Robert Weakley as an American politician and a representative of Tennessee of the United States House of Representatives. He was born in Halifax County, Virginia on July 20, 1764, and he attended schools in Princeton, New Jersey. He joined the Revolutionary Army at the age of sixteen and served until the close of the Revolutionary War. In 1785 he moved to the part of North Carolina that later became Tennessee and engaged in agricultural pursuits. He was a member of the North Carolina convention that ratified the Constitution of the United States in 1789.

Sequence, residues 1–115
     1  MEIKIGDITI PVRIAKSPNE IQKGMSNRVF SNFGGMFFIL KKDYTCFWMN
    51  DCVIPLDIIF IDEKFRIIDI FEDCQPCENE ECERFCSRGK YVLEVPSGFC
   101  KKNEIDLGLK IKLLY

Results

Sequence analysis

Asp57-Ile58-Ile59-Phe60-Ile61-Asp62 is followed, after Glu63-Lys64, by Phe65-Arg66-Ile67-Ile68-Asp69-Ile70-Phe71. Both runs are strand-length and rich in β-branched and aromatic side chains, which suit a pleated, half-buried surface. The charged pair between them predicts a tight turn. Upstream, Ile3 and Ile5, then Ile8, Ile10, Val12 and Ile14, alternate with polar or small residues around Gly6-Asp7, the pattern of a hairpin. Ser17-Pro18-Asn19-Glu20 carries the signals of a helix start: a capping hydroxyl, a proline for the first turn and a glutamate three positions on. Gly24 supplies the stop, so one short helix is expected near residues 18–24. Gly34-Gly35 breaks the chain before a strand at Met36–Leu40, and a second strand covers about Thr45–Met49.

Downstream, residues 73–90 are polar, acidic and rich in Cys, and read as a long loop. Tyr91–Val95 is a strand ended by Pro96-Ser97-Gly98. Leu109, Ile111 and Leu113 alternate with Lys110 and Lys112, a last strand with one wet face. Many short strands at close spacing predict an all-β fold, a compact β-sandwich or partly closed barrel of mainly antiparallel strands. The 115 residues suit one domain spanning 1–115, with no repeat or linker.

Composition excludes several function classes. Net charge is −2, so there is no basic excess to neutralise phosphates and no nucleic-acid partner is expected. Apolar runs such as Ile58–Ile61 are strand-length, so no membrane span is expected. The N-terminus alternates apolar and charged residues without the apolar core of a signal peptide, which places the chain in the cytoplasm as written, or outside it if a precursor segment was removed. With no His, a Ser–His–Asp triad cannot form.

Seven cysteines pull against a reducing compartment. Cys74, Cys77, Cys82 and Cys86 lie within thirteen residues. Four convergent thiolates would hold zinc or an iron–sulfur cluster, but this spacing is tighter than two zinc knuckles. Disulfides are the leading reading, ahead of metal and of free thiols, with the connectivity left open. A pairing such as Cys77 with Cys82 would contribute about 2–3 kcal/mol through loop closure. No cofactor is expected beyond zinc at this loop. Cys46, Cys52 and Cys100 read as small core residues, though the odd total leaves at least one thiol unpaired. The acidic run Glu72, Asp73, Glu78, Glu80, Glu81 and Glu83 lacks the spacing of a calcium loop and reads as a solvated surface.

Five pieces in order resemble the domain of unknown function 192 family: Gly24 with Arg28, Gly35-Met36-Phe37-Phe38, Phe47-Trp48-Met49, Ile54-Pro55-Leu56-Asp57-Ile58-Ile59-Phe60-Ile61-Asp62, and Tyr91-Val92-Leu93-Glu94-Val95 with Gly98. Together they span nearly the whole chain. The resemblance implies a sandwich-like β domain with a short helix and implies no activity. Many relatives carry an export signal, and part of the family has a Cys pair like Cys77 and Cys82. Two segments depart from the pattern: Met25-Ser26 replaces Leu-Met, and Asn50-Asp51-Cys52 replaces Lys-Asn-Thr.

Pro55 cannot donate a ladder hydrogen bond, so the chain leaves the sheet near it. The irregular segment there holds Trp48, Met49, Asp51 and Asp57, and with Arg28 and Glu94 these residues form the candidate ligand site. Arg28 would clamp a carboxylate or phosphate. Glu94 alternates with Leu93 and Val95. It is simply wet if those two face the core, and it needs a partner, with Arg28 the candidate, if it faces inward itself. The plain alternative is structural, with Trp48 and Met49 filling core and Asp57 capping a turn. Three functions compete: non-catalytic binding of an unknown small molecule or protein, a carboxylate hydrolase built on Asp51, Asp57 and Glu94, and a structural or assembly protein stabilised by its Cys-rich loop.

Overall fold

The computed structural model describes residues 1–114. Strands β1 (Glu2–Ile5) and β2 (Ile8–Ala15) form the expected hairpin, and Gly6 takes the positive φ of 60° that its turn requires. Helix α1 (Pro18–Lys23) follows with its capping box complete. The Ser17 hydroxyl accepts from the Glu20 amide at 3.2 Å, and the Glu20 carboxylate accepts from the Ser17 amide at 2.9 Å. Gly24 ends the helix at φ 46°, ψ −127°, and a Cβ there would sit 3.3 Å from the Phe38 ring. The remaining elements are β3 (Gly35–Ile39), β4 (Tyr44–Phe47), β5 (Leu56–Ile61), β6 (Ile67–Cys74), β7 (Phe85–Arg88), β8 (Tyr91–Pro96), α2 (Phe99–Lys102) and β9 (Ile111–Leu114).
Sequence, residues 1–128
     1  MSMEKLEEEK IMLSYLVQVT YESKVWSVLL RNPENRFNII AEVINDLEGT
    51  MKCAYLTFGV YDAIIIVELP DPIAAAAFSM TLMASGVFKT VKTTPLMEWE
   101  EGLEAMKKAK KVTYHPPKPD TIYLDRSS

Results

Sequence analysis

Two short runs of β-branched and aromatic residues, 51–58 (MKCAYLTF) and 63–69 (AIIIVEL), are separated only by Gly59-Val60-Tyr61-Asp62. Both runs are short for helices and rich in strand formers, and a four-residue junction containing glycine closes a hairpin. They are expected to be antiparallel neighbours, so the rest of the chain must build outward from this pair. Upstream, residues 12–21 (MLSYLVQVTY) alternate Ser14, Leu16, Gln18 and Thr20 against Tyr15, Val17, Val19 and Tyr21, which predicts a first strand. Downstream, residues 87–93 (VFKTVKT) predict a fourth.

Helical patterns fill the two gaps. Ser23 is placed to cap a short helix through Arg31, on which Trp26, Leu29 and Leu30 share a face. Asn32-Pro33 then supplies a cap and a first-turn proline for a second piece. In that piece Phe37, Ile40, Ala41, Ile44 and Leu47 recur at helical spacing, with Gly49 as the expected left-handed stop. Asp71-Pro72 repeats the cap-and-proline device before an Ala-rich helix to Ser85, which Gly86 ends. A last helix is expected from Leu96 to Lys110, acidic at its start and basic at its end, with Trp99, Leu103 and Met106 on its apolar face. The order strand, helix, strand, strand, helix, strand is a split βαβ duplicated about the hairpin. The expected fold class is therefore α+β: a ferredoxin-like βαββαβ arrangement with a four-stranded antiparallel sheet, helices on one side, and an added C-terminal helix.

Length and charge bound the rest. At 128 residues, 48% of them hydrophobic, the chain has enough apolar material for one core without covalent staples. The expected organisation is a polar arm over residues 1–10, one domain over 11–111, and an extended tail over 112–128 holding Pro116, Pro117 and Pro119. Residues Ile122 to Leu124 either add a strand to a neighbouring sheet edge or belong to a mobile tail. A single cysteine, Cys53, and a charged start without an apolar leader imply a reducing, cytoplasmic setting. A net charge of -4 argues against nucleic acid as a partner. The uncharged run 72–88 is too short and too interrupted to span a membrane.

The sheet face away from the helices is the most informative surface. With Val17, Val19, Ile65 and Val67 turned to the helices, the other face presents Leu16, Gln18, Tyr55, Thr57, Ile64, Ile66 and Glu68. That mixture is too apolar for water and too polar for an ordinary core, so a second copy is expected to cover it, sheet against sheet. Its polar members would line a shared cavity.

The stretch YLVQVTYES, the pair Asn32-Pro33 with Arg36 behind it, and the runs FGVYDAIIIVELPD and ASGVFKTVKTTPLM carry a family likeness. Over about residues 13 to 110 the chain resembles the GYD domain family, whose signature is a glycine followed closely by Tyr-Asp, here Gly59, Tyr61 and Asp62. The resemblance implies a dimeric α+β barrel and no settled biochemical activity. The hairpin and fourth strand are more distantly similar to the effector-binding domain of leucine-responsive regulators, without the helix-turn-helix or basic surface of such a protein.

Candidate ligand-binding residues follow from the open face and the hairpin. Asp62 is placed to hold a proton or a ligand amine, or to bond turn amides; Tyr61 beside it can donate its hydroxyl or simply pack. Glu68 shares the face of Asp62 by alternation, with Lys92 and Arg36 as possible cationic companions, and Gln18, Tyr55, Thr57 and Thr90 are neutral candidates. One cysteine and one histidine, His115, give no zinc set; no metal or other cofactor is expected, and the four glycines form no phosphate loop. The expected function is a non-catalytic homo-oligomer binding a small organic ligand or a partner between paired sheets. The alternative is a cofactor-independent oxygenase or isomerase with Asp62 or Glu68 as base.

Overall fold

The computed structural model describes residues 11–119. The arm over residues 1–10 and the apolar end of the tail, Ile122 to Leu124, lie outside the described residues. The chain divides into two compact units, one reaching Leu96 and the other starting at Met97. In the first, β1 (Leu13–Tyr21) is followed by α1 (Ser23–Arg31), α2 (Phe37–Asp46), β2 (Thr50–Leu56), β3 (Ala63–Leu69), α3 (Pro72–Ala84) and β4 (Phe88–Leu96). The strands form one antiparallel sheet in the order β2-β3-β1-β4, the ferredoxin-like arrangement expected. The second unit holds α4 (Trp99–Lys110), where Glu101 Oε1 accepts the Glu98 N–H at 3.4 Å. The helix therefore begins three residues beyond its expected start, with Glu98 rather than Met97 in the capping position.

In 1796 he was elected to the first Tennessee House of Representatives. He was elected as a Democratic-Republican to the Eleventh Congress, which lasted from March 4, 1809 to March 3, 1811. In 1819 he was appointed commissioner to treat with the Chickasaw Indians. In 1823 and 1824 he was a member of the Tennessee Senate, serving as its president in 1823. He was a member of the State constitutional convention in 1834.
Robert Weakley died near Nashville, Tennessee on February 4, 1845. He was interred in the family vault at "Lockland," on his estate in the suburbs of Nashville.
This article incorporates facts obtained from the public domain Biographical Directory of the United States Congress.